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After decades in the art world, Deborah Kass has a hit. A major one. The type of beloved public artwork that you see endlessly on your social feeds, and brings a smile to your face whenever you encounter it. I’m talking about “OY/YO” (2015), the eight-foot-tall yellow sculpture that just landed at the Brooklyn Museum for an exhibition titled Something to Say.
I took the opportunity to invite Kass into the studio to talk about her work, her thoughts on the art world (she’s a pessimist), the role of art today, and more. I also got to ask her something I’ve always wanted to ask her, particularly since she’s so well known for her Warhol-inspired Barbra Streisand series: Does she have a favorite song by Streisand?
And a special thanks to sound artist Bradford Reed, who performed this past weekend as part of the 24-hour Sonic Transmission Archive event at the Newburgh Open Studios in Newburgh, New York. I was able to attend the Sunday portion of the event, which is a Wave Farm Partner Transmit project organized by Ethan Primason and Caroline Partamian, and got to hear and record his performance myself. Thanks to the artist and organizers for allowing us to use the sound work.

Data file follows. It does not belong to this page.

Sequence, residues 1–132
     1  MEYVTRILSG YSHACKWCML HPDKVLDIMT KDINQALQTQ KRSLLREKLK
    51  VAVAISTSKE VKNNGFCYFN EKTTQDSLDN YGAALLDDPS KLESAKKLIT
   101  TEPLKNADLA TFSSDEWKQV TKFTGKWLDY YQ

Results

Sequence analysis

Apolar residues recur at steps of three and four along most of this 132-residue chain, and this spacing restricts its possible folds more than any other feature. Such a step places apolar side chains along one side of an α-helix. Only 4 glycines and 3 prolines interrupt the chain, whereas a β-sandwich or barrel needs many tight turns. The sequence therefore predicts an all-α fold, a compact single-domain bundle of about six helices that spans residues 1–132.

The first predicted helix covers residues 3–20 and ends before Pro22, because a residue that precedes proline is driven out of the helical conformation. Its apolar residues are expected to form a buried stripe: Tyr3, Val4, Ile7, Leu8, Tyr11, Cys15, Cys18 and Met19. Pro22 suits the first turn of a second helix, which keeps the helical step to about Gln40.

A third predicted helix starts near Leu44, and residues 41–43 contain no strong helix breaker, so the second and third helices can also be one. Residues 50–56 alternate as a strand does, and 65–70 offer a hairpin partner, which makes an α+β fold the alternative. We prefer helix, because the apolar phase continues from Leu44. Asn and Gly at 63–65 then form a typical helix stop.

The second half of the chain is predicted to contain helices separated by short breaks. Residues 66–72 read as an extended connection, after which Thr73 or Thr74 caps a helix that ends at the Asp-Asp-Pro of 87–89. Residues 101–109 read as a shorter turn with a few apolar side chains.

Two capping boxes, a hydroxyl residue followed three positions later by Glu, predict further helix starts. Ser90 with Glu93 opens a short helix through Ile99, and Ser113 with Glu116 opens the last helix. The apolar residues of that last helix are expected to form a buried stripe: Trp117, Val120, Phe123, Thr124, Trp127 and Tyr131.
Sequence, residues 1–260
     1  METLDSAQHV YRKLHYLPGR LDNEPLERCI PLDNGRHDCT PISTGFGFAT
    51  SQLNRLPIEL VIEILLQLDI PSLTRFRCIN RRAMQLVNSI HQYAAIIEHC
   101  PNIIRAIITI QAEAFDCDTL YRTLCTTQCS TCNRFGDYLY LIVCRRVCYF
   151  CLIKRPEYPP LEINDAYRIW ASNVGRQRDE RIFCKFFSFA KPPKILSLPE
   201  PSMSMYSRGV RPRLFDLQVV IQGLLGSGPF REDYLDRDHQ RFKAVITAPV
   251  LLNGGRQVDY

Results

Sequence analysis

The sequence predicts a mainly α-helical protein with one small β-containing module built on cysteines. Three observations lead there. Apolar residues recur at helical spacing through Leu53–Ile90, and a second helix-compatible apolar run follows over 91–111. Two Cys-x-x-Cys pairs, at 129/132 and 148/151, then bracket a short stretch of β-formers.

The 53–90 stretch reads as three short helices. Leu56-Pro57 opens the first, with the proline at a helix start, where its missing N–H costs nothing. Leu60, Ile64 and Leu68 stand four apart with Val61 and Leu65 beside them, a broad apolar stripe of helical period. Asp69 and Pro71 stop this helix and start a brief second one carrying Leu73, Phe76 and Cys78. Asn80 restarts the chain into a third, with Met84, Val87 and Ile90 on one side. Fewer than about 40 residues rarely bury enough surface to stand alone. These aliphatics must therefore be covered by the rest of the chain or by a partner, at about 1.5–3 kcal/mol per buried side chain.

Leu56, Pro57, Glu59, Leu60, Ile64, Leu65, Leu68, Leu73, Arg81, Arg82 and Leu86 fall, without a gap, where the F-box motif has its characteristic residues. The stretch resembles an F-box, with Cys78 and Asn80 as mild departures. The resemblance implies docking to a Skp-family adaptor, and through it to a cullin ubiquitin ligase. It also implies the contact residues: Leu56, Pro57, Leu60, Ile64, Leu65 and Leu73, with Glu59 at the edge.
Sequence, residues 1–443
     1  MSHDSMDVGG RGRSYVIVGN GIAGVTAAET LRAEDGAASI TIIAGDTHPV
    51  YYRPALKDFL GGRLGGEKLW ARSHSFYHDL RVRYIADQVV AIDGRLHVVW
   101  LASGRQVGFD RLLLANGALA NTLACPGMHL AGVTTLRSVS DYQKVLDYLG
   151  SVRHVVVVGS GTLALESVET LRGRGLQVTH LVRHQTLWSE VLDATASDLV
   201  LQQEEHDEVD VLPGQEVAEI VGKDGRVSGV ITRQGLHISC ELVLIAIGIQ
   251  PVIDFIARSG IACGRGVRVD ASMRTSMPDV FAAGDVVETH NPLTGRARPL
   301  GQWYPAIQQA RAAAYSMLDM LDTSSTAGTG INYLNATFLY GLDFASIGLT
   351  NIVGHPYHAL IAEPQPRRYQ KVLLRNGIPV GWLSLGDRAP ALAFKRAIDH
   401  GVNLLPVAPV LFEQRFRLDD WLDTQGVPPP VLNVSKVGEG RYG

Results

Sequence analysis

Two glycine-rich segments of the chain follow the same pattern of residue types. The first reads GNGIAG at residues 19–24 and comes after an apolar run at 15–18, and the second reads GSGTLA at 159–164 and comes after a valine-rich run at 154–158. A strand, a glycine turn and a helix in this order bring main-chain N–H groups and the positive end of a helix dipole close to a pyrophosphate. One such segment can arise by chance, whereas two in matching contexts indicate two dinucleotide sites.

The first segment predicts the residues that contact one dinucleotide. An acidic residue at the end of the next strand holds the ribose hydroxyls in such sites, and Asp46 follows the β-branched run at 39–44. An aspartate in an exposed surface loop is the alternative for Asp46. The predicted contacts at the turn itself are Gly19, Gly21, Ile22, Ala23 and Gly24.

Poussin and the Dance is a valiant attempt to break into Poussin’s staunchly academic oeuvre and provide a relatable point of entry, highlighting the exciting elements of revelry and movement despite impenetrable and unemotional rendering.
Anarchist illustrator N.O. Bonzo produces decentralized media in a highly bureaucratic cultural landscape. Their illustrations, murals, and literature emerge in unexpected places, from the streets of Portland, Oregon, to the far ends of Reddit and Twitter, addressing relations of labor and identity in the workplace and on the streets. Growth and care are central themes…
This exhibition explores how images of the human body were used to provoke profound physical and emotional responses in viewers from the 15th through 18th centuries.
With scavenged materials, Amanda Maciel Antunes constructs a motherland.
Where are the directors taking the stage to acknowledge workers’ demands today?
The collaborative handmade paper- and printmaking center at the Pennsylvania Academy of the Fine Arts publishes new works by Liz Collins and Sarah McEneaney.
There is a debate whether the memory of Little Syria should be seized upon to tell truthful and positive stories about Arabs in the US, or whether any conflation between its history and contemporary politics is inappropriate.
The profile includes works by Egon Schiele, Amedeo Modigliani, Peter Paul Rubens, and a prehistoric Venus of Willendorf figurine.
These horrifying dolls definitely won’t murder you in your sleep.